Reflections on winning with data in business.
Two years ago, in an interview called “The Four Ways IT Is Revolutionizing Innovation,” Erik Brynjolfsson, the Schussel Family Professor of Management at the MIT Sloan School of Management, told MIT Sloan Management Review how he saw information technology transforming the way companies do business by, among other things, giving companies “radically improved measurement” capabilities through what he called “nano data.” As Brynjolfsson explained:
That [nano data] includes clickstream data, Google [Inc.] trends, detailed e-mail data, the billions and trillions of bits of information that are thrown off by enterprise planning systems. Even without any conscious effort on the part of the designers, this information is just generated. But by studying these data very carefully, companies can have much better knowledge of their customers, of their business processes, of their product quality and of the defects of their supply chains.1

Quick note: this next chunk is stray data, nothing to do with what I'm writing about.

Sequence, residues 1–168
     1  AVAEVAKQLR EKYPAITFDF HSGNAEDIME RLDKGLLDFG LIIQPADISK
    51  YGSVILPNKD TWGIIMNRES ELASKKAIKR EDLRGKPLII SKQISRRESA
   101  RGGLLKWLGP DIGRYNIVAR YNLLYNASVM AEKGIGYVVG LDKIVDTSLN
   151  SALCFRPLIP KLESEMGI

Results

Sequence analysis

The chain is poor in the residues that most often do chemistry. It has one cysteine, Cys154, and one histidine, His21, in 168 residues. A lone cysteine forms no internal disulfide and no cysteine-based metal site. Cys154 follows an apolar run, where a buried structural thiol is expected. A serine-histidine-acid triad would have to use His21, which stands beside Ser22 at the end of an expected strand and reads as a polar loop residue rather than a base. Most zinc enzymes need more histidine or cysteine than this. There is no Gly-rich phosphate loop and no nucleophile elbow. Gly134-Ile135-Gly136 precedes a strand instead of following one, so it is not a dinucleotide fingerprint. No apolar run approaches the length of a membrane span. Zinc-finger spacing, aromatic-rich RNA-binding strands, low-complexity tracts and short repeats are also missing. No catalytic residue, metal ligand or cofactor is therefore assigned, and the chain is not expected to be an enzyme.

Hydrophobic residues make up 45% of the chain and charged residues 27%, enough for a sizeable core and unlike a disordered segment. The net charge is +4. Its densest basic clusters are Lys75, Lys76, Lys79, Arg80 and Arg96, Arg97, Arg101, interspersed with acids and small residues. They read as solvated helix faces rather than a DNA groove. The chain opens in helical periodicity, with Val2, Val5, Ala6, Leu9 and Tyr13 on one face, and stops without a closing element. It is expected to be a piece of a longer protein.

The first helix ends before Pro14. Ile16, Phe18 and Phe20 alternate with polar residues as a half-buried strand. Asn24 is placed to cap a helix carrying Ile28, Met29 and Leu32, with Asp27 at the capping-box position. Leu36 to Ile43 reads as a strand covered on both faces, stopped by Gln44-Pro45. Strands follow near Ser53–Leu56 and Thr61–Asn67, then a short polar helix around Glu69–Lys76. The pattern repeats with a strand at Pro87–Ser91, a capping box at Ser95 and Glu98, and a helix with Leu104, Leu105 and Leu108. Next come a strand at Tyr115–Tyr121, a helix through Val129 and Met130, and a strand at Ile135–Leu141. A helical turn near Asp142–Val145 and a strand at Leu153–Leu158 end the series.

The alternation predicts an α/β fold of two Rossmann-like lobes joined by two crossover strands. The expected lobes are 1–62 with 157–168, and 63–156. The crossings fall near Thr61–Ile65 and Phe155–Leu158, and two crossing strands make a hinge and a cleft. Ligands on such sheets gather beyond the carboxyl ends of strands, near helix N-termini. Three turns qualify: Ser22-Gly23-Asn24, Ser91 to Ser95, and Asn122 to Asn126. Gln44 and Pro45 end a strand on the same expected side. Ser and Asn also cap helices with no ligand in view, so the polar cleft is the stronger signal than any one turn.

What Brynjolfsson described is indeed coming to pass. In this issue of MIT Sloan Management Review, we’re featuring a number of articles about how companies can put all that data to use to better manage their businesses. In “What Matters Most in Internet Retailing”, David R. Bell, Jeonghye Choi and Leonard Lodish offer some surprising insights about how to grow online sales —
insights gleaned from studying sales data from e-commerce companies. In “Increasing the ROI of Social Media Marketing”, V. Kumar and Rohan Mirchandani explain how Hokey Pokey, an entrepreneurial ice-cream retailer in India, analyzed social media data to develop a more effective approach to social media marketing.
Then, in “Innovating With Analytics”, David Kiron, Pamela Kirk Prentice and Renee Boucher Ferguson describe some new survey results that suggest that analytics is helping companies innovate — and is also shifting the power structure within some organizations. In their essay “How ‘Big Data’ Is Different”, Thomas H. Davenport, Paul Barth and Randy Bean explain three important aspects of “big data” and how it differs from traditional analytics. And, lest we get overly enamored with what we can do with data, Ritu Agarwal and Peter Weill make the point that data analytics and optimization will only take companies so far. In their article “